Rod Stewart: The Tears of Hercules (Warner/Rhino) **
Sting: The Bridge (UMC/Polydor) ***
Peter Capaldi: St Christopher (Monks Road Records) ***
Hen Hoose: Equaliser (Tantrum Records) ****
Rod Stewart continues to enjoy a high old time in his later career with his fourth album of new material since he exhausted the Great American Songbook. Whether his listeners will have quite as much fun listening to his simplistic songs when there is a vastly superior back catalogue to be enjoyed is another matter, but let’s at least raise a weak beer to making an effort when he didn’t need to.
Sitting through The Tears of Hercules is the equivalent of nodding politely to the rheumy recollections of a fondly regarded if slightly horny elderly relative. One More Time starts as an airy acoustic canter with Rod recalling his wild days, before its bluegrass hoedown arrangement is smothered by sterile production. He then conjures a holiday romance on Gabriella and shakes his maracas along to the cheesy All My Days, with its message of escapism/retirement.
Stewart outlines his recipe for a long life on Kookooarambama – suffice to say it doesn’t involve cocoa before bedtime. But he casts himself firmly as a one-woman man on I Can’t Imagine, written for wife Penny Lancaster, writes sweetly of attending football matches with his dad on Touchline and summons a bit more substance on Hold On, a soul-influenced plea for tolerance which references civil rights leader John Lewis.
Rhythm of My Heart writer Marc Jordan contributes a title track from the same mawkish ballad ballpark, right down to the bagpipe embellishment, and there is a similar Tartan Day parade feel to Stewart’s over-egged rendition of Johnny Cash’s These Are My People, which speaks to the sentimentality of the expat – standard Rod style, just a long way from the brilliant bombast of Sailing.
Relative spring chicken Sting is also in sprightly mood on The Bridge, whistling along on the blithe single If It’s Love, as decent a pop tune as he has produced in some time.
This lockdown production nods to his diverse musical tastes, from mellow roots track The Book of Numbers with its plangent bass twang to the slick soaring saxophone (from Branford Marsalis no less) on Harmony Road to the fiddle flourish of Captain Bateman, which is revisited as a jazzy scat bonus track called Captain Bateman’s Basement.
Forty years ago, an art school student called Peter Capaldi formed a band with his pal Craig Ferguson. They were called The Dreamboys and their USP was that they were the only Glasgow band of the day who were not invited to record a John Peel session.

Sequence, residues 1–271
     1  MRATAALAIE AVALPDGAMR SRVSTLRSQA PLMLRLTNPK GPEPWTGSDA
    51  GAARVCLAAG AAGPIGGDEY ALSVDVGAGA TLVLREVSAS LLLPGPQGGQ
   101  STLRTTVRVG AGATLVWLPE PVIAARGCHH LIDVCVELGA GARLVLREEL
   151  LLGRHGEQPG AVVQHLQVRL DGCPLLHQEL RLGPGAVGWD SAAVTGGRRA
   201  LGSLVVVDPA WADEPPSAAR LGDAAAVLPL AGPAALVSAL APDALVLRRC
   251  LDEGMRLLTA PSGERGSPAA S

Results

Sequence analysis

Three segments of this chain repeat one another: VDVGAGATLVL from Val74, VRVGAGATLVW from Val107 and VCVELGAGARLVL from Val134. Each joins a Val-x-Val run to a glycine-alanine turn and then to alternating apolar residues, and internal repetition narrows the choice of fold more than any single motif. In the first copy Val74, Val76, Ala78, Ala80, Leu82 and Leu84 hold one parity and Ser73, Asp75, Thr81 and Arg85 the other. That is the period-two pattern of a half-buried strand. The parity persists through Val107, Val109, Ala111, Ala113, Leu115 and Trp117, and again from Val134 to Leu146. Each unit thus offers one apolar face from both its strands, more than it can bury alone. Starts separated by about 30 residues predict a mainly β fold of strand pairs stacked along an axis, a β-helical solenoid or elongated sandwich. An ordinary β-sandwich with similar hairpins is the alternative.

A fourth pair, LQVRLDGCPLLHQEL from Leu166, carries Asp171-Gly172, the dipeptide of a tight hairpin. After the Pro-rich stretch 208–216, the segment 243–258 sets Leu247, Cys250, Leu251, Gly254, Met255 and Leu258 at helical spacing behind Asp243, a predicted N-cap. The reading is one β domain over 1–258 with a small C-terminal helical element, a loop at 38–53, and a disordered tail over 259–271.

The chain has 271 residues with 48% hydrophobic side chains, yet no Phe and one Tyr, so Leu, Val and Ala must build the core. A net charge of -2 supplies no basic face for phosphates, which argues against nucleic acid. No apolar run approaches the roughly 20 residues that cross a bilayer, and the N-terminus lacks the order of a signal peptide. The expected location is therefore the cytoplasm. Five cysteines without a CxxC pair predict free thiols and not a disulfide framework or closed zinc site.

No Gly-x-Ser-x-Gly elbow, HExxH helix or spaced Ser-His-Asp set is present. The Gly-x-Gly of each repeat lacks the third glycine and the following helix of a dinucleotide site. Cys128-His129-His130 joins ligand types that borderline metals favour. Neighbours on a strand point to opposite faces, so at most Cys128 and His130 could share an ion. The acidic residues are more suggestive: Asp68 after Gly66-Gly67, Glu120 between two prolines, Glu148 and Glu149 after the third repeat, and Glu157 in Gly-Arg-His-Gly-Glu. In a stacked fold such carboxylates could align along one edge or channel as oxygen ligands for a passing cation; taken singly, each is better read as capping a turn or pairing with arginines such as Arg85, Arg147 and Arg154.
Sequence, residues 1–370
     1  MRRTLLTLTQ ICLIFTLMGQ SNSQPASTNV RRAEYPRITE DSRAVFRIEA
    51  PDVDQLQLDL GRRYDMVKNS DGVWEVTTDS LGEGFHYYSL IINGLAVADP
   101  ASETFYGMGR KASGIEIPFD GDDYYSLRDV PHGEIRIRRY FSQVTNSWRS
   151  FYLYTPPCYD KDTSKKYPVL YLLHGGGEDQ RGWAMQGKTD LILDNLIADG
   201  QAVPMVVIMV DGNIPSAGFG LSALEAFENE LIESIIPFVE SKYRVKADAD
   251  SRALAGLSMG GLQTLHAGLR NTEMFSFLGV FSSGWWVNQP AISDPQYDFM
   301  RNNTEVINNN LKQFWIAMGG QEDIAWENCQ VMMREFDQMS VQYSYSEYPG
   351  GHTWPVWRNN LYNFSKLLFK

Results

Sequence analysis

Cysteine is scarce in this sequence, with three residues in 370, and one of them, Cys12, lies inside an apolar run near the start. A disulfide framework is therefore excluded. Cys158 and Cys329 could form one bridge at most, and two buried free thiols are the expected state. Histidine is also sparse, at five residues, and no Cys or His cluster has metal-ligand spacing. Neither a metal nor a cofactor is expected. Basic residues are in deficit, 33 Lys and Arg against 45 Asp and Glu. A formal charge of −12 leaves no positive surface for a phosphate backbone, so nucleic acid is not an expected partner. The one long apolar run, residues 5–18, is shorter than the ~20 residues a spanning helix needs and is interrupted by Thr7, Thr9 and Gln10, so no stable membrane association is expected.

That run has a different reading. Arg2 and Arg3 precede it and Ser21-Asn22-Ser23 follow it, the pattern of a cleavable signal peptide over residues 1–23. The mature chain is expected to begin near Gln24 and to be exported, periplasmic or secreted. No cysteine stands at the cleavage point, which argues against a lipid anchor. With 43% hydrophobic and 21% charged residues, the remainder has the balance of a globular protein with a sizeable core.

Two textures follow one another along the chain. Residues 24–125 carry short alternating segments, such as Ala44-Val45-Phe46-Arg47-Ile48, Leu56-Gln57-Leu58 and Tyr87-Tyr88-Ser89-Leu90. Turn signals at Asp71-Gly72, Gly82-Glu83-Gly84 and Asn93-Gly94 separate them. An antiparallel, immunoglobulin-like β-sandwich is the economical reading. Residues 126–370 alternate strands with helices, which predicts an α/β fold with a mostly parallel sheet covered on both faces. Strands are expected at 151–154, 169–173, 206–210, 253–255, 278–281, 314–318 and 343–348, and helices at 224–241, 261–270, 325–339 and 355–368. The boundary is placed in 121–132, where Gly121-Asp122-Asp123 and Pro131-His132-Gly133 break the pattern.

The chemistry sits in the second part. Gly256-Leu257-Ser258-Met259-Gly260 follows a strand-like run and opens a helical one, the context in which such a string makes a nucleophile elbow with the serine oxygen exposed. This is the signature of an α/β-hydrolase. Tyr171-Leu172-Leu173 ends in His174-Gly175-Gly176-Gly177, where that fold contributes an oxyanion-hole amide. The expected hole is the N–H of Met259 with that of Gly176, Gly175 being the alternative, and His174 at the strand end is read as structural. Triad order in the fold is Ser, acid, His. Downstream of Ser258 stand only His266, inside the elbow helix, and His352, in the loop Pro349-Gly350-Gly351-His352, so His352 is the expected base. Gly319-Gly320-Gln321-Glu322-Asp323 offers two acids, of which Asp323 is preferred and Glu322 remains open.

Since then, Capaldi has been somewhat waylaid winning Oscars and playing Timelords and spin doctors but his first album in four decades remains rooted in that early eighties era of Glaswegian musical romanticism – including the tradition of singing with a slightly Americanised twang instead of the forced braying of his second cousin once removed Lewis Capaldi.
Encouraged by his producer, Blow Monkeys frontman Dr Robert, the elder Capaldi is more of a gruff crooner in the Dylan tradition with an added dash of Bowiesque melodrama, industrial guitars and squalling saxophone.
Founded by Tamara Schlesinger, former frontwoman of 6 Day Riot who now records as MALKA, Hen Hoose is a collective of female and non-binary Scottish musicians dedicated to achieving gender equality in the industry.
Their debut missive, Equaliser, is a persuasive calling card, showcasing and blending the different traditions of the members, including such distinctive voices as Emma Pollock, Karine Polwart and Carla J Easton, and encompasses catchy electro pop, gospel-infused hip-hop and the tremulous torch melodrama of Burn It All, featuring Beldina Odenyo, whose recent premature passing has left the Scottish music scene poorer but the fire of the project undimmed.
MacMillan: Consecration (Linn) ****
It’s strange to think that any of Sir James MacMillan’s music might have gone unrecorded, but here’s proof to the contrary. In the latest of Cappella Nova’s ongoing Linn recordings of MacMillan’s choral music, the Scots-based vocal ensemble, under director Alan Tavener and organist Steven McIntyre, remedy the situation with some fairly recent works – from the beautiful Culham Motets and angrily dramatic A Special Appeal to numerous “family pieces” written for the MacMillan offspring weddings – and also the earlier St Anne’s Mass, notable for its innate simplicity and re-use of the composer’s Tryst melody that has remained a subliminal cypher through so much of his music. Tavener flavours each performance with easy sophistication and sensitivity to the range of emotions. The final Sing Joyfully to the Lord is exultant. McIntyre adds his own explosive touch with the virile Albanian-inspired organ solo, Kenga e Krushqve. Ken Walton
Kate Green: Dark Carnival (Own Label) *****
Her first release in 14 years, this clutch of traditional and contemporary songs finds Greenock-raised, south-Yorkshire-based Kate Green superb form, singing over sometimes intricate but effective folk-rock accompaniments with formidable poise and clarity. She opens with a spine-tingling account of Lady Diamond, a tale of grisly misogyny and there’s elemental cruelty, too, in Bows of London, a Cruel Sister ballad variant. A counterblast is her own song, Maddy’s Leaving, a celebration of a woman’s escape from an oppressive relationship, voiced with a worldly-wise, bluesy slide, while Lal Waterson’s enigmatic Fine Horseman hangs in the air, dark and strange. A powerful rending of the blues When the Levee Breaks is a primer, perhaps, for the contemporary climate crisis concerns which inform two other own compositions, the cheerfully subversive samba of Renegades (Love and Rage), dedicated to Extinction Rebellion, and a stirring, Irish-inflected anthem, Reclaim the Light. Jim Gilchrist
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